• Ba_old_glory_max50


    about 4 years ago


    Very tragic........

  • Heores_max50


    about 4 years ago


    I thought this might help anyone who knows someone afflicted with PTSD. God bless all of our soldiers and may we help protect them the same way they have protected us:

  • 68296_1409406641622_1426144160_30885395_5544139_n_max50


    about 4 years ago


    God be with his family. I will agree with MeanStreets949. PTSD comes in many forms. Lets keep an eye on our brothers and sisters in the armed forces and our fellow LEO's.

  • Flags_and_stars_max50


    about 4 years ago


    Well put Mean Streets949. My brother suffers from PTSD and is on the long road to recovery. Please talk to the vets and help them if you can!

  • Img_0103_max50


    about 4 years ago



    I concurr a 100%..!! In my daily duties as a Veterans Affairs Police Officer, I see and deal with this reality first hand. And like this poor unfortunately twisted minded Vet that did this ugly and aweful deed, many are not that obvious when they are suffering from this mind altering condition. Even though we are constantly being trained to Identify and handle those inflictted Vets, there is always that unnoticed Vet that comes out of nowhere and do unfortunate and evil things before thay are cought and stopped.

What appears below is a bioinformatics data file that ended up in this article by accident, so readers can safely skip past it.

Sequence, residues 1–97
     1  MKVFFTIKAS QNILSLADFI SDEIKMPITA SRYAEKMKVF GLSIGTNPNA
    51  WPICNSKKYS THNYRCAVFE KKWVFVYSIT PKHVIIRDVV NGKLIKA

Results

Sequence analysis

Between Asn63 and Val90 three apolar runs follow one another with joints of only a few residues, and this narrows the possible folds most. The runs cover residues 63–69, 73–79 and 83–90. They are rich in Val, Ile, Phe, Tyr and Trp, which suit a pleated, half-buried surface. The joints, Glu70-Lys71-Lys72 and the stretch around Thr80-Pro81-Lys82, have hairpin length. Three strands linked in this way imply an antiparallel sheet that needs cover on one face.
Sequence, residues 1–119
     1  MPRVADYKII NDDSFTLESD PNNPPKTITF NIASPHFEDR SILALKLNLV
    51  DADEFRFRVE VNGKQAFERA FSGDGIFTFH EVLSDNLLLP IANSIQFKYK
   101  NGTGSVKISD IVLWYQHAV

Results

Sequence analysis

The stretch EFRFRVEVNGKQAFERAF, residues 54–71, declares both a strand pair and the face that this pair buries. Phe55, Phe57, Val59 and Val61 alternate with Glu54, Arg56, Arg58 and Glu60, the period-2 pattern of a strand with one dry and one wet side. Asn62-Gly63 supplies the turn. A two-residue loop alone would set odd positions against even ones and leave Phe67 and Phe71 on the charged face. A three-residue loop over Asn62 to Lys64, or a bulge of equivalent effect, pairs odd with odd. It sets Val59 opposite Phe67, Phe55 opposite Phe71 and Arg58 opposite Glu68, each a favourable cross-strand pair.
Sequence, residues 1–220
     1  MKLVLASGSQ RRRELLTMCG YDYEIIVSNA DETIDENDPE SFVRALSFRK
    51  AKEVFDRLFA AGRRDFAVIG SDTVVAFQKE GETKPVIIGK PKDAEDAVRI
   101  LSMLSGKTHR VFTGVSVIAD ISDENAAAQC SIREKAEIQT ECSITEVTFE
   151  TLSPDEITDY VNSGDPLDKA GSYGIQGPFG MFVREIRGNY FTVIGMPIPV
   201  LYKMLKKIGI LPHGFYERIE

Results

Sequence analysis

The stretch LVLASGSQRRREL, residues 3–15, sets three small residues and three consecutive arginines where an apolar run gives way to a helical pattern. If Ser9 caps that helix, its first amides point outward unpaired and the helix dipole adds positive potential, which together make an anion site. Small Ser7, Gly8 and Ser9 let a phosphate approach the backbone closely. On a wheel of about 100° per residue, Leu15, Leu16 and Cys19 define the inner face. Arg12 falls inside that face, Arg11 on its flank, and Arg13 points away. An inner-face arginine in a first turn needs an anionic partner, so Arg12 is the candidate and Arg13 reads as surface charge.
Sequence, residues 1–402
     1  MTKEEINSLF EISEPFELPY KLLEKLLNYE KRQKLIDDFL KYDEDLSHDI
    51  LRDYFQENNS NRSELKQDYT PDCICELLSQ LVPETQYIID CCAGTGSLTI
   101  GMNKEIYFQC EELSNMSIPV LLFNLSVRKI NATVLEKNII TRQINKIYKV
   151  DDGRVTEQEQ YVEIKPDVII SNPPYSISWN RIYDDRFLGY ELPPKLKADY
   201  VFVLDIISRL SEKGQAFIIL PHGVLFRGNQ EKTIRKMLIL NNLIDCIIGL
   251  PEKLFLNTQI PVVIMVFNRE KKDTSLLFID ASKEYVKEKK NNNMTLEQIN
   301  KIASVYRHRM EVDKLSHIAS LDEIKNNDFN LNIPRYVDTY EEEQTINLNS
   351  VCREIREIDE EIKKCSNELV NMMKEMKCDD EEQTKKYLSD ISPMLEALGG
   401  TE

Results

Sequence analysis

• Police3_max50


    about 4 years ago


    very sad

  • 1984_v_max600_max50


    about 4 years ago


    PTSD is very real and very dangerous if left unchecked and untreated. If you know a vet and they are exhibiting signs of PTSD, say something and interact with the vet before it's too late. We're in the 21st century folks.............time to show our vets how much they are appreciated by taking care of them after they come home alive, not just honoring them when they're in a box. America is better than this. We all need to stand up in solidarity and let our warriors know it's alright to seek help when the things in your mind turn dark and shadowy. We will never know what was in this young man's mind when he did what he did. I will never justify it, but it bears a very hard look. I would not take anything for granted.